The Exit Path

Quite honestly, not everything goes according to plan. But I’m fine with that. Learning to roll with the punches or in my case, a fucking concussion, is all a part of life. My once golden vantage career path has suddenly turned dark and uncertain. Call it bad luck or the sad state of foreign affairs the economy has been enthralled in. Either way, I need plan B.

If you were to ask me what the hell I would be doing for work right out of college, I’d honestly say some dead ass job that barely paid the bills. That wasn’t me being unoptimistic — more so realistic considering I was up to my neck in debt and hopelessly inebriated 24/7. Now that I’m passed that mindset, having other options available when work goes south seems like a constant battle.

In the time I’ve been trying to improve, I’ve come to realize just how swift and sudden you can end up hating the usual 9-5. Some employers use that to their advantage, actually. How fucked up. Hasn’t everyone woke up not wanting to enter the office and dreading the day’s events? Mondays no less. You don’t want to be there and yet you have no choice because of bills and whatever debt life has it’s grasp on your throat.

This entire fucking week, I felt like I was suffocating. How tragic and unsettling. Thankfully, I’m feeling much better now. Sometimes, or a lot of the times, the door isn’t open for you. You have to kick it down and walk right in like you’re wanted and expected. So what if this feels like a set back. I’m just taking it all in and hopefully able to self-reflect in the not so distant future.

This week ended on a high note. A welcomed one at that. Later world. Daniel, out.


First Class

In our usually mildly drunken banter, my best friend made my entire world come crashing down. That the city I knew all my life, Los Angeles, was somehow boring and underwhelming. He said I could easily drop everything I know here to move to DC and Maryland to pursue public policy.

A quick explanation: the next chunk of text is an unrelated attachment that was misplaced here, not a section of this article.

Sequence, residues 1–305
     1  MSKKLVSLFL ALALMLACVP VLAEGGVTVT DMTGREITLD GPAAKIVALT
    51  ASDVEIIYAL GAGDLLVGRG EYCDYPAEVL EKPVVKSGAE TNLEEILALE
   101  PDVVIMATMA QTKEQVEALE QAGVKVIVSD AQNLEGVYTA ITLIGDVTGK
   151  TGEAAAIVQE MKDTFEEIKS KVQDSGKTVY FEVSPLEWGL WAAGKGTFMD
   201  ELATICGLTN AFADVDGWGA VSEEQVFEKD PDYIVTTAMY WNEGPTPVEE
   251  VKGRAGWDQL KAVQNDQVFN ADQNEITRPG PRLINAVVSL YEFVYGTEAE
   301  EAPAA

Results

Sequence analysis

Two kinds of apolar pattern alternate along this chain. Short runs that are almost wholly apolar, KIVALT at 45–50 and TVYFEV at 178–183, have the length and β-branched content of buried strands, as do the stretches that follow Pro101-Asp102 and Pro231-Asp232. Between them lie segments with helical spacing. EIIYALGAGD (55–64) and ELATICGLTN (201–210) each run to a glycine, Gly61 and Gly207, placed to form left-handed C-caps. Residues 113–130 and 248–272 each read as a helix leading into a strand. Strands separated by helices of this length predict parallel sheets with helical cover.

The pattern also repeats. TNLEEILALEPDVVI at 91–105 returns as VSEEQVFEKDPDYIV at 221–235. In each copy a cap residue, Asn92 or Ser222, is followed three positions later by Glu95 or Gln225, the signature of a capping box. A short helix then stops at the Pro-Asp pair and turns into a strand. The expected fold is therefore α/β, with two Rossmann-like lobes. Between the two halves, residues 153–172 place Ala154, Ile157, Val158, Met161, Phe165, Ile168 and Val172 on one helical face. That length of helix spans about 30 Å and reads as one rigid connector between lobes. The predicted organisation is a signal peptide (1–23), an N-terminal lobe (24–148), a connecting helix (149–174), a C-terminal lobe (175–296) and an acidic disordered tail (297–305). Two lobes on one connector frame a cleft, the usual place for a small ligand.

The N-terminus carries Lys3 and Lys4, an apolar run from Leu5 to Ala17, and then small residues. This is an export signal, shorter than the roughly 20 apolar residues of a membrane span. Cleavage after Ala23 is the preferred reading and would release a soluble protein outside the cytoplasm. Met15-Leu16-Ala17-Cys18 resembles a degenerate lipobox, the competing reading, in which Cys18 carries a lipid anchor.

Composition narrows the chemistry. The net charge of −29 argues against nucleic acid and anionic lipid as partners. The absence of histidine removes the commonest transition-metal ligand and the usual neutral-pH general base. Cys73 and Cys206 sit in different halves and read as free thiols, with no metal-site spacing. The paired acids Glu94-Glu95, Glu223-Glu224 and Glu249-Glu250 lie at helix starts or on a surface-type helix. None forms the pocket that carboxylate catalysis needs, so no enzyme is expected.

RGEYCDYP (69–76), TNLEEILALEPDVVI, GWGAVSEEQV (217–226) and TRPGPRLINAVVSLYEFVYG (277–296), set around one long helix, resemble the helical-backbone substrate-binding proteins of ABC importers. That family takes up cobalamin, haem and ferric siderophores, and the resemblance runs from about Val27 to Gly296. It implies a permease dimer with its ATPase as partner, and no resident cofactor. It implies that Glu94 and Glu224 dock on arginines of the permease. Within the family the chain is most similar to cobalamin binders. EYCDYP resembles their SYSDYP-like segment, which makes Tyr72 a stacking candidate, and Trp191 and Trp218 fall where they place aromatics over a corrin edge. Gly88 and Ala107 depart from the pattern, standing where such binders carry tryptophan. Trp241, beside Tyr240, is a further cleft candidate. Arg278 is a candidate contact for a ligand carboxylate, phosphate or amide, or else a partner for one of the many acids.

For as long as I can remember, I’ve been passionate about the environment, specifically, renewable energy. He said I could have a career in that with him in DC and that he would make sure he put in a good word with the right people to make it happen.

It’s alluring to say the least. I only visited for just four days and had an amazing time. The city was vast, grand, and had a unique vibe I experienced for the first time. People rarely needed to drive and public transportation was the best I’ve seen anywhere — absolutely nothing like the headache it is here in LA. The buildings are beautiful and full of historical facts and the people seemingly always stopped to say a friendly hello — at least the parts I visited. There was a subtle charm to it all. Summarizing everything I felt and seen, it was quaint.

Should I? Is it not a crazy idea? I’ve been joking around that the East Coast is the equivalent to Shelbyville if Los Angeles was somehow Springfield. My assessment isn’t wrong I think, but the thought is alluring. As my friend said a few days prior, “The world is your oyster and you know you especially have options.”

Perhaps I do. Later world.